Water and security – these terms are synonyms, particularly in Central Asia, and climate change and, as a result, water shortage in some Central Asian regions is likely to be one of the politically most explosive issues – if it isn't already. The Central Asia Strategy makes useful suggestions on how Europe and the Central Asian countries can cooperate in order to ensure the better use, fairer distribution and greater protection of our scarce water resources. It is one of the most urgent tasks for the EU and indeed for my country to back up these efforts with concrete arrangements, and I can assure you that even after this conference ends we Germans will remain engaged on this issue together with the German water industry. We want to harness our companies' and scientists' technical know-how, our experience in cross-border water management, and our industrial capacities for this purpose.
Allow me to close by mentioning one subject which particularly impressed me during my trip a year ago and which I feel is especially important for our shared future:
Anyone who has stood before one of the many ancient madrassas in Central Asia, and who has even a little prior knowledge of the scientific discoveries made there centuries ago, will give education and training a whole new priority.
The Silk Road once brought technologies like the compass or paper to Europe, and all of us here today know that in the 21stcentury, too, there can be no economic growth, no societal equality and no political participation without education.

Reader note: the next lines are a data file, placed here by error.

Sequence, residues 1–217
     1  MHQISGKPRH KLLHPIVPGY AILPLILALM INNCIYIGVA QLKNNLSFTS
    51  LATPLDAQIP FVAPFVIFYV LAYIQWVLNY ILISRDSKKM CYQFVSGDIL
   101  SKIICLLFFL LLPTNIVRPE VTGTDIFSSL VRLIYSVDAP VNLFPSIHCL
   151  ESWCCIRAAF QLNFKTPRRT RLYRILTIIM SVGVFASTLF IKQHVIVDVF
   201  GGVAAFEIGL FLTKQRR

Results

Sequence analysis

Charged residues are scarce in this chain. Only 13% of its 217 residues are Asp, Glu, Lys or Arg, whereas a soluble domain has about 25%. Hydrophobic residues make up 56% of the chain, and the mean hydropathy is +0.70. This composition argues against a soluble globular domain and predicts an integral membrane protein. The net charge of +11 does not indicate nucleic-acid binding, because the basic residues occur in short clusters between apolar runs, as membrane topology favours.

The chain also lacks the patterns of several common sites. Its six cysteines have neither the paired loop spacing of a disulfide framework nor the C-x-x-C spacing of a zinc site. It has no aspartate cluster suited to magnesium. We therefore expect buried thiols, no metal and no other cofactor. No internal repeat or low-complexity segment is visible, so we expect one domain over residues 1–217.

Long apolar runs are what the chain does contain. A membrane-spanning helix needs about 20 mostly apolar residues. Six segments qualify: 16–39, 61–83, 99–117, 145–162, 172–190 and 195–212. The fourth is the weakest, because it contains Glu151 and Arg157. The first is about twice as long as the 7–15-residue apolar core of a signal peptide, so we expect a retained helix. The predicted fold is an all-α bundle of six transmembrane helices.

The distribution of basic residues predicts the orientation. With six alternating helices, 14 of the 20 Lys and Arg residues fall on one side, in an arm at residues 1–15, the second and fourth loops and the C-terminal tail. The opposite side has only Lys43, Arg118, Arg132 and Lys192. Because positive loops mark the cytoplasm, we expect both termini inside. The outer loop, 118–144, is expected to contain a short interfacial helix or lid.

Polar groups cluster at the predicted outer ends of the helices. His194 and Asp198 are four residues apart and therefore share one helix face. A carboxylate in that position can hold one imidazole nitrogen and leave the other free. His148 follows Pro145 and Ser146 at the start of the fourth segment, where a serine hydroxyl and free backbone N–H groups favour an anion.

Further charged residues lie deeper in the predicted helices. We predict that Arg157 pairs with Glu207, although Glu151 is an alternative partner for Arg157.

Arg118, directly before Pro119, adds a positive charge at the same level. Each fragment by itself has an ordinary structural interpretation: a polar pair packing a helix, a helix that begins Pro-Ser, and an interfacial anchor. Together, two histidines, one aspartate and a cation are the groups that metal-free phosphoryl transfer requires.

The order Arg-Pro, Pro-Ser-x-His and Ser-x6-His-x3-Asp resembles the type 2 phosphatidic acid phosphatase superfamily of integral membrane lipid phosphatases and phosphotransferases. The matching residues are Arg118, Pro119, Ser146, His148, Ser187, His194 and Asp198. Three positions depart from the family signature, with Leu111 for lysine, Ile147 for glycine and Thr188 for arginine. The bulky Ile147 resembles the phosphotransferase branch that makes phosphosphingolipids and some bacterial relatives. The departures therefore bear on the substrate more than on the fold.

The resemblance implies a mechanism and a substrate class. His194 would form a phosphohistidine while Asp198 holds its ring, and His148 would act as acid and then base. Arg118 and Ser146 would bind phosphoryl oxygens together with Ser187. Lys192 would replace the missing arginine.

In my opinion it is therefore all the more regrettable that in this regard cooperation is still in its infancy, especially in the field of vocational training. Here, perhaps to a greater extent than in other fields, we need the joint engagement of private enterprise and the state!
But here, too, we have at least made the first steps and, for example with our further-training programme for managers in Kazakhstan, we have made good progress. So much so in fact that we want to extend this programme to other countries this year. I strongly welcome the idea of a management school for Central Asia, and as German foreign minister I of course place special hopes on the German‑Kazakh University in Almaty. I can announce today that we intend to greatly expand the number of courses for students from across Central Asia, particularly in the business field, and that we want to introduce new courses on European themes both there and at the OSCE Academy in Bishkek.
All of us have made it our mission to actively shape globalization to the benefit of our countries and peoples, and in doing so flesh out the partnership between Central Asia and Europe. I'm sure that today's conference will provide a major contribution towards that goal, and I wish you and all of us every success!